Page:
Prayer should be our first and most fervent response in situations such as the one we see in Acts 12. We should always be praying (1 Thessalonians 5:17). The prayer described in verse 5 is “constant.” What is “constant” prayer? The word “constant” is translated from the Greek term ektenes which means, “intense, intent, without ceasing, fervent.” This word can be further traced to the root word ekteino which is formed by adding the prefix ek which means out of, or from within to the word teino which means “to stretch; to extend . . . cast, put forth, stretch forth (out).” The prayer offered by the church for Peter in this predicament was prayer that was intense and fervent. It stretched them to the limits.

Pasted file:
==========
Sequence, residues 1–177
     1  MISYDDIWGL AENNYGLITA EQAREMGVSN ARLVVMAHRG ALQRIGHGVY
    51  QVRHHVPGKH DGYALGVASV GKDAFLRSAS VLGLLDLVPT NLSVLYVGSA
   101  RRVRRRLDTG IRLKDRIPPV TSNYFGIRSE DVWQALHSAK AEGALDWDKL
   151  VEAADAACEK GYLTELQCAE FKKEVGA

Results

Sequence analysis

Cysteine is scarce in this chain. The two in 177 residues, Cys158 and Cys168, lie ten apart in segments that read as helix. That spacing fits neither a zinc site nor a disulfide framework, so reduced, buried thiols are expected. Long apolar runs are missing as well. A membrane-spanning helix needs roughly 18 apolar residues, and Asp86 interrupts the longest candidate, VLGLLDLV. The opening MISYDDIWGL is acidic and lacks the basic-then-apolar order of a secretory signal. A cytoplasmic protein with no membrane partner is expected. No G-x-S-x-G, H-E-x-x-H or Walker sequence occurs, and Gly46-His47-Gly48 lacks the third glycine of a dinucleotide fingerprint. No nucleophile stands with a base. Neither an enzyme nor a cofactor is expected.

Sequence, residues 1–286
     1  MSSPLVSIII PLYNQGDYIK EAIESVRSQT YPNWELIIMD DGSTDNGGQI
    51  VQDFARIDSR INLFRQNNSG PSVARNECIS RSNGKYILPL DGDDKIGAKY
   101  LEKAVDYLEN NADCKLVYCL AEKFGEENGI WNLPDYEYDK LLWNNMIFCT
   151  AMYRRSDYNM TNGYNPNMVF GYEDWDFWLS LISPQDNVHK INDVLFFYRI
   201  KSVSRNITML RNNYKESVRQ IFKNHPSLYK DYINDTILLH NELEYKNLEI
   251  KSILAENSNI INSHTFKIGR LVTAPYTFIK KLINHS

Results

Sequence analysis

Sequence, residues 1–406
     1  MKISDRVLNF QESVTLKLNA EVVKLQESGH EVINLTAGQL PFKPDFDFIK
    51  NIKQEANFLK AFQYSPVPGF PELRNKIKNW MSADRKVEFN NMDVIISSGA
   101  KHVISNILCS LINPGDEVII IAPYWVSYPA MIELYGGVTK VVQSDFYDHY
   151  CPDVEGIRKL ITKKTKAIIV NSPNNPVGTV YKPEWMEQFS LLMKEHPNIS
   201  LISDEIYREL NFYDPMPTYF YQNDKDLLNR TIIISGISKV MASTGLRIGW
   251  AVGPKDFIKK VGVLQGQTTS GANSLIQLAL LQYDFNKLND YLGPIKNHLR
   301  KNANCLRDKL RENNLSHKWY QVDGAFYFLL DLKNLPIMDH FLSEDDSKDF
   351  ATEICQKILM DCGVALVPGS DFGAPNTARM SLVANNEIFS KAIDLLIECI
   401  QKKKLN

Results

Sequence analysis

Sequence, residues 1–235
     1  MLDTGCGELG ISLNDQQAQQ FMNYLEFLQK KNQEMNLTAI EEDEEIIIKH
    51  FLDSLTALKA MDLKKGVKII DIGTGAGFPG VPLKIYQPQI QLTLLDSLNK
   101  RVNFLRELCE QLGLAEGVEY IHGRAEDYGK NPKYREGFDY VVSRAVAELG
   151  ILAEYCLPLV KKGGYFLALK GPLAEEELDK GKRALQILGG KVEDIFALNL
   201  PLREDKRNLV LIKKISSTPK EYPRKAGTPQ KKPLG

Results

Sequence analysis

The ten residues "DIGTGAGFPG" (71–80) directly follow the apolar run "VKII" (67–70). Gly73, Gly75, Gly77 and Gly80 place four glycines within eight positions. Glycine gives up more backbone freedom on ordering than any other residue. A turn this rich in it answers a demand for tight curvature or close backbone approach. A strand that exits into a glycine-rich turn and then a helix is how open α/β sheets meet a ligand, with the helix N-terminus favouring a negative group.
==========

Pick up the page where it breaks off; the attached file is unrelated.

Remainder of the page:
Sometimes people can see prayer as a manipulative work which leverages God to answer them in a favorable way. This fails to grasp the heart of God who desires to answer our prayers and does so in a way that is best and in line with His perfect will (e.g. Luke 11:13). At other times people go to the other extreme and allow their prayers to be half-hearted, casual, emotionless wrongly thinking that emotional prayer is somehow spiritually superficial or a lack of faith in God’s grace. That is just as faulty a view of prayer. When we pray, we should always put our heart in it. When we pray, we should never allow our words to be casual, neglectful or presumptive. When we pray, we should pray with all our heart. That is the kind of prayer we see in Acts 12:5.